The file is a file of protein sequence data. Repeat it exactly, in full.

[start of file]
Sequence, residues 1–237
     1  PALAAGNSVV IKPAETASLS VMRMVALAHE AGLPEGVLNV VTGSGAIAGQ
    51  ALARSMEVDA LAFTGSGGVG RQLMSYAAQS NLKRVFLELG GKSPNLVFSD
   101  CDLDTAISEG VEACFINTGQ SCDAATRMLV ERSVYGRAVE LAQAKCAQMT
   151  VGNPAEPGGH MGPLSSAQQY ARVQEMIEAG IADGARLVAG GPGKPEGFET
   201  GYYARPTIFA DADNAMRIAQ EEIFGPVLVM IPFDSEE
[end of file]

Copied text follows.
Sequence, residues 1–237
     1  PALAAGNSVV IKPAETASLS VMRMVALAHE AGLPEGVLNV VTGSGAIAGQ
    51  ALARSMEVDA LAFTGSGGVG RQLMSYAAQS NLKRVFLELG GKSPNLVFSD
   101  CDLDTAISEG VEACFINTGQ SCDAATRMLV ERSVYGRAVE LAQAKCAQMT
   151  VGNPAEPGGH MGPLSSAQQY ARVQEMIEAG IADGARLVAG GPGKPEGFET
   201  GYYARPTIFA DADNAMRIAQ EEIFGPVLVM IPFDSEE